UCSB Science Line
Sponge Spicules Nerve Cells Galaxy Abalone Shell Nickel Succinate X-ray Lens Lupine
UCSB Science Line
Home
How it Works
Ask a Question
Search Topics
Webcasts
Our Scientists
Science Links
Contact Information
What type of laser is in a Cd player, and what makes a laser?
Answer 1:

A very good web site to learn about laser is How stuff works:
http://science.howstuffworks.com/laser.htm
You will learn all you want to know about lasers.

In our ScienceLine database we have an answer to how CDs work. I have posted it here. Together both should help you understand lasers and CDs.

How do CDs work?Electronics are often times based in the "binary" language, meaning that everything is presented by 0's and 1's. It is the easiest scenario because you only need to find out of something is "on" or "off." CD's are composed of many concentric grooves, much like the old vinyl records. Each groove of a CD is like a long trench. However, the trench is not uniformly deep, but rather there are two different heights. Imagine the bottom of the trench being a race track with a set of irregularly spaced hurdles. Now, a laser shines into the trench, hits the bottom, reflects back out, and then hits a detector that records the event. Depending on if the laser hits the bottom of the trench or hits the top of a hurdle, a different signal is observed by the detector. Since we have only two levels, there are two different output signals. One signal is assigned a value of "0" and the other a value of "1" - this is how binary information is stored on a disc! The binary signal is then decoded by the CD player to be turned into the music that you hear.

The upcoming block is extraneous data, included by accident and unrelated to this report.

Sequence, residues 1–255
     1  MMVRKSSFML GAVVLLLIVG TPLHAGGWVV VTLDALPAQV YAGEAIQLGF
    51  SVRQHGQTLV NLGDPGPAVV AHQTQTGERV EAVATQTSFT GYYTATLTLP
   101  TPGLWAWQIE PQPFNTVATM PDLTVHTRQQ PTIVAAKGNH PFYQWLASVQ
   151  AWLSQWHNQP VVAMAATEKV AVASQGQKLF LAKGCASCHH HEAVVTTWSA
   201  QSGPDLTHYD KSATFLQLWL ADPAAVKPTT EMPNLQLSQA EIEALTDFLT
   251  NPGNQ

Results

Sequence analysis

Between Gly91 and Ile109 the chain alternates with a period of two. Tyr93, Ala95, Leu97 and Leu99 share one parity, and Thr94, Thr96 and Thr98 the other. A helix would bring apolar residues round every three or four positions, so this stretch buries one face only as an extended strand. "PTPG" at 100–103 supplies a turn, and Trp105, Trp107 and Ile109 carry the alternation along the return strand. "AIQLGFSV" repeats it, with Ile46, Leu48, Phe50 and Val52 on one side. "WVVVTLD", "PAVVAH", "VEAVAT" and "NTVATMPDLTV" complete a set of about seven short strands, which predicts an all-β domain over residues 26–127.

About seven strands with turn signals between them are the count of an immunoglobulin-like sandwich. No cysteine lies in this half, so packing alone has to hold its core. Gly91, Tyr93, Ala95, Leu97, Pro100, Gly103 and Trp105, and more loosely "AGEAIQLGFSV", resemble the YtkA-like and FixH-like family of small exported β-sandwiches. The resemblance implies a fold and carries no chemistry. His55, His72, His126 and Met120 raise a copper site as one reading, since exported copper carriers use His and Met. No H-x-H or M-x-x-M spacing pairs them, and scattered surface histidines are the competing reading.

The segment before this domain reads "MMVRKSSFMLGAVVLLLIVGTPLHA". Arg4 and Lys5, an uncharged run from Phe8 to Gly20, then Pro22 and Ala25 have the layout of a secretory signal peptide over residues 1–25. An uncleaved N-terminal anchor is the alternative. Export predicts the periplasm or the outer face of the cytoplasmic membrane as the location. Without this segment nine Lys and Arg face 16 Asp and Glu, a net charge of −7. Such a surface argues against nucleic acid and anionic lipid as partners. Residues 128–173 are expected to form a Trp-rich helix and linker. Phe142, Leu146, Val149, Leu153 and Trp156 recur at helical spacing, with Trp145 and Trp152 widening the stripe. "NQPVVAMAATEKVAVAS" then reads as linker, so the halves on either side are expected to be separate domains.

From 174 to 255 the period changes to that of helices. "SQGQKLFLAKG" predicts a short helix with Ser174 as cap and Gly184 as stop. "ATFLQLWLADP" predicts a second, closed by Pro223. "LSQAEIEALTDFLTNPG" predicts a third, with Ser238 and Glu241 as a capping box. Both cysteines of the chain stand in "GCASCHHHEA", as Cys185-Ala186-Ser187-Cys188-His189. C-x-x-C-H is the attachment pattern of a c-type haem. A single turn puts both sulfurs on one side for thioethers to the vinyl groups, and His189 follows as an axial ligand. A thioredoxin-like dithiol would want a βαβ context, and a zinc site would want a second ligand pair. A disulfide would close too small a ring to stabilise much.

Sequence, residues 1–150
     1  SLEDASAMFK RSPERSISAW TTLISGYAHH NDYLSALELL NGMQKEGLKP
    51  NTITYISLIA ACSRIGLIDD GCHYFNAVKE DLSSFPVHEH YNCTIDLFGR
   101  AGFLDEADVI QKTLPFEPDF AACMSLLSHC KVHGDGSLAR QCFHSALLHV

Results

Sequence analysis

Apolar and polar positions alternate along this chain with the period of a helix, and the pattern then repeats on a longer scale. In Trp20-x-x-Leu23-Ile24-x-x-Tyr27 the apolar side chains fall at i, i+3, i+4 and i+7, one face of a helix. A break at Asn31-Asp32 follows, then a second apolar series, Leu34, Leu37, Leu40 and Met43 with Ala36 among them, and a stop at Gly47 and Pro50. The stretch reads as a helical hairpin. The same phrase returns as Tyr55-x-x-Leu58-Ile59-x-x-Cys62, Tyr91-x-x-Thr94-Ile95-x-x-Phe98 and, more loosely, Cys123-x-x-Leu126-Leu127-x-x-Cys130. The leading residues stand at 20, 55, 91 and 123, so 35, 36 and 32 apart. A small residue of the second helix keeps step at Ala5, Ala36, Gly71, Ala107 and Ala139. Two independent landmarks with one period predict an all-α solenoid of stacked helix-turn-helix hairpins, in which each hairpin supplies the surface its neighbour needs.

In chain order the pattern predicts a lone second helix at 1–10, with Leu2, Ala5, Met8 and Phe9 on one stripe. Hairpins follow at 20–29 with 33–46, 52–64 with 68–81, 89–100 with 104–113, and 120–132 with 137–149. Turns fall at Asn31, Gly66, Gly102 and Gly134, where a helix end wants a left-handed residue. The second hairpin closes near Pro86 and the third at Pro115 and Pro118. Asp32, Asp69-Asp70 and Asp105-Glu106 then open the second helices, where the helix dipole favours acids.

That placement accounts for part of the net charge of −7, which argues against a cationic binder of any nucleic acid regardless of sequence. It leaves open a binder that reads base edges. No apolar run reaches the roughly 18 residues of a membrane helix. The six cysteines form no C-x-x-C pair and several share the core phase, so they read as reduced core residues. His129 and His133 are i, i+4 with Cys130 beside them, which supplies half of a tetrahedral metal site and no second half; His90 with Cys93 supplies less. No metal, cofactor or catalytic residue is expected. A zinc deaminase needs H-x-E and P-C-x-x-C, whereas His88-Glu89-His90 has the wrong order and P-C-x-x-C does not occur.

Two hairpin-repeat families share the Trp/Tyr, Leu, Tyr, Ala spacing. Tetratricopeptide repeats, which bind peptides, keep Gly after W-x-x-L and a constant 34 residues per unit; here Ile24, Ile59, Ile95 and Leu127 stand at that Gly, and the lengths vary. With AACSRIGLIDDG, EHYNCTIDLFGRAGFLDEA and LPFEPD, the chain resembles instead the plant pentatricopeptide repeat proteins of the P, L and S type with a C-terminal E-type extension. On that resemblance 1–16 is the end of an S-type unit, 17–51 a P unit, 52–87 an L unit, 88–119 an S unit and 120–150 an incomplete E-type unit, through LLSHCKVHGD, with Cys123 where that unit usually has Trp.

Click Here to return to the search form.

University of California, Santa Barbara Materials Research Laboratory National Science Foundation
This program is co-sponsored by the National Science Foundation and UCSB School-University Partnerships
Copyright © 2015 The Regents of the University of California,
All Rights Reserved.
UCSB Terms of Use